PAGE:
“When a man comes before the Recording Angel it isn’t going to be the sins that he has committed that will worry him; it will be the utter futility of the way he spent his days.” - James Clifford, “Are You Going to Keep a Diary?,” Daily Mirror, 1 January 1925, 5. “It seems odd that we should have so poor a memory of our passionate forgotten selves. Our lives are serial novels, but we have mislaid the back numbers.” - Clemence Dane, “Do You Record Your Own Life- Story?,” Daily Mail, 11 August 1933, 8.
“Nobody wants to read other people’s reflections on life and religion and politics, but the routine of their day, properly recorded, is always interesting, and will become more so as conditions change with the years. There is no one in the country whose life, properly recorded, would not make a thrilling book.” - Evelyn Waugh, “One Way to Immortality,” Daily Mail, 28 June 1930, 8.
“To enter into the trivial pleasures and petty miseries of daily life – the rainy day, the blunt razor, the new suit, the domestic quarrel, the bad night, the twinge of toothache, the fall from a horse”. - Arthur Ponsonby, English Diaries: A Review of English Diaries from the Sixteenth to the Twentieth Century with an Introduction on Diary Writing (London, 1923), 1.
“An engagement book is the most important of all those small adjuncts to life, that tribe of humble familiars which jog along beside one from year’s end to year’s end, apparently trivial, but momentous by reason of their terrible intimacy … Days were the units which mattered most, being divided from each other by the astounding phenomenon of losing and regaining consciousness.” - Jan Struther, Mrs. Miniver (New York, 1940), 51, 53- 4.
“But Mr Letts allows little space in his shilling diaries. Clara was not the one to encroach upon Wednesday. Humblest, most candid of women!” - Virginia Woolf, Jacob’s Room (Oxford, 1992), 94-5.
“They elicit manuscript, encouraging us to write down future meetings, past events, addresses and telephone numbers – subject always to the material space provided by the organization of the printed page.”- Michèle Barrett and Peter Stallybrass, “Printing, Writing and a Family Archive,” History Workshop Journal, 75 (2013), 4.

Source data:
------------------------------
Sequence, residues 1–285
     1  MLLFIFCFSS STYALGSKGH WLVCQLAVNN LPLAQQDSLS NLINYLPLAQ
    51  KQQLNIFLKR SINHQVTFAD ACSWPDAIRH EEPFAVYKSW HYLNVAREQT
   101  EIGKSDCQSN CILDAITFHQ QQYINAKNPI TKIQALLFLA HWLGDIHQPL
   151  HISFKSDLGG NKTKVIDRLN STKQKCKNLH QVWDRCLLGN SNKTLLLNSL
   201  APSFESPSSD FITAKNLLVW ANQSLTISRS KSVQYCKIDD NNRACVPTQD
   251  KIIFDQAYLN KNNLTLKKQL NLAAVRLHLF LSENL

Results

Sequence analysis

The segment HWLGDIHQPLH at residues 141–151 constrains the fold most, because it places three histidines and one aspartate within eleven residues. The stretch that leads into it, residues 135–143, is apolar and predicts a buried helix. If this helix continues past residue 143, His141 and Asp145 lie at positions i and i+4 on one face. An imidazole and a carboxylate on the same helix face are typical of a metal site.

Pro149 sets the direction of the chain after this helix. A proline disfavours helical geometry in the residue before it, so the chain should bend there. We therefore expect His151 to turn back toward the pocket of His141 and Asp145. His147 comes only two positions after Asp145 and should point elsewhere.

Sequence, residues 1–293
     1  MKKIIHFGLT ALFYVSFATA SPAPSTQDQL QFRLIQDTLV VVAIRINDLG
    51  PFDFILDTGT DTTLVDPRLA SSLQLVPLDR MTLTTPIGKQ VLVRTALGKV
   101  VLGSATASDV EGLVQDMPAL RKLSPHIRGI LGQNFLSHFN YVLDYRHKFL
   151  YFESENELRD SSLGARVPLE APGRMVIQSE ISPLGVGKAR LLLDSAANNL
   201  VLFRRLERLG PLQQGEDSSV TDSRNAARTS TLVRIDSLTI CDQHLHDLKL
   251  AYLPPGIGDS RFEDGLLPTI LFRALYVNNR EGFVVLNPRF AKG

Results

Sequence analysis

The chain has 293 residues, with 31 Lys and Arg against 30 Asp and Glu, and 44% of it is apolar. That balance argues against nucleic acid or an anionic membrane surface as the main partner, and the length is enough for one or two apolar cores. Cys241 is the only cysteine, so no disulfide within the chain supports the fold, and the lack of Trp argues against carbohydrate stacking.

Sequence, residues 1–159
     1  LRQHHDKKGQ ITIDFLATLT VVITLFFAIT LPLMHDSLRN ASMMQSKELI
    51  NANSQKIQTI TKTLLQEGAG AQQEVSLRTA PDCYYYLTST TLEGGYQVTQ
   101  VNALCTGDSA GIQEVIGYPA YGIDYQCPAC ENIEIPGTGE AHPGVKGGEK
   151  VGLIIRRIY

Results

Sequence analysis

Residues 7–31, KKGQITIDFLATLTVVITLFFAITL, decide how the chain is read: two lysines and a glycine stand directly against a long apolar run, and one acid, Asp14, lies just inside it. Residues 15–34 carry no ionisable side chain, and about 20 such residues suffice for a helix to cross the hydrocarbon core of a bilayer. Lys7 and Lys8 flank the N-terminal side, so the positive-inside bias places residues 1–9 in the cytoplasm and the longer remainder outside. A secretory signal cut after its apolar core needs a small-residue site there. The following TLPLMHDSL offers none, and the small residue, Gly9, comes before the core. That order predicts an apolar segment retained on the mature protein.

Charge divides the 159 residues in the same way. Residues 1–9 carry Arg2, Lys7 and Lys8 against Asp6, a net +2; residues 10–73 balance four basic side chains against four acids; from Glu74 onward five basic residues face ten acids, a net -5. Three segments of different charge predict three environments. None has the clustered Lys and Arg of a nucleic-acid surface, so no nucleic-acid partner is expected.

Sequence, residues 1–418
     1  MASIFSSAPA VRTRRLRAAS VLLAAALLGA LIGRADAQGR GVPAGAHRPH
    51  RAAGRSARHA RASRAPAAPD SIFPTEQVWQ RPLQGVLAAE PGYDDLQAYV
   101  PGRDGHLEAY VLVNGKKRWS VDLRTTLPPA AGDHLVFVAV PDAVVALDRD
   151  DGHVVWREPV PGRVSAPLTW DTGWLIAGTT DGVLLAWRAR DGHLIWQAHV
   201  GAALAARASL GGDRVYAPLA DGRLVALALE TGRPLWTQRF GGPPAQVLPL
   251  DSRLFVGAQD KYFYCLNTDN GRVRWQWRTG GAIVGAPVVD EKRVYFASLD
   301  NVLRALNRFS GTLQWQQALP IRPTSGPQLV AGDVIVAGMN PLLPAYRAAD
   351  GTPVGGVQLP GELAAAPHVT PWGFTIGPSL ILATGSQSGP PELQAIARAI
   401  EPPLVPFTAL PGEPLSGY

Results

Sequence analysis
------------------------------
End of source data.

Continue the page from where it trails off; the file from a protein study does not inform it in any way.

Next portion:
“A formidable document bound in cloth with black loop pencil and world maps, priced one shilling and sixpence. A long section on careers beckons its owner into the ‘Indian Police’ (medical and riding tests age 19-21; salary from R450 a month) or ‘Banking’ (salaries being at about £80 and rise, for clerks, to £400 a year). There are tables of Latin, Greek and French verbs, an essay on bicycles, a list of ocean liners, many lists of sports records, and a page for personal memoranda. This showed that our telephone number was Pewsey 50, that I stood at four feet, six inches and weighed five stones, two pounds. Though invited, I did not record my size in collars or hats.” - Douglas Hurd, Memoirs (London, 2004), viii.
“Recently I wrote and asked for information. As I lead a very uneventful life, I wanted to know which … items in my diaries were of use and whether anything different was desired and what could be omitted. I received a polite reply in such general terms as to constitute no answer. It was as if one man said to another in an office ‘What shall I say?’ ‘Oh, keep the old girl at it, some of it may come in handy.’ Soon after that I lost interest … It was clear to me that the man who replied to me hadn’t looked at the diary I sent with my request for information.” - Dorothy Sheridan, Brian Street and David Bloome, Writing Ourselves: Mass-Observation and Literacy Practices (Cresskill, NJ, 2000), p. 38.
“I often remind myself, when I write my daily diary, that whereas my great-grandson will not care a hoot what I thought on January 1 st, 1942, of our prospects in Libya, he will be much interested to know what I had for dinner that evening, how much I paid for it, and by what means of locomotion I returned to my chambers... He will want to know by what alchemy margarine-coupons were transformed into underwear, and how one moved or hesitated when the sirens screamed.” - Harold Nicolson, “Marginal Comment,” Spectator, 2 Jan 1942, 9.
“It is like trying to make a sponge fit a matchbox … Before becoming a text, the private diary is a practice. The text itself is a mere by-product, a residue. Keeping a journal is first and foremost a way of life, whose result is often obscure and does not reflect the life as an autobiographical narrative would do.” - Philippe Lejeune, On Diary, eds Jeremy D. Popkin and Julie Rak, trans. Katherine Durnin (Honolulu, 2009), 226, 31.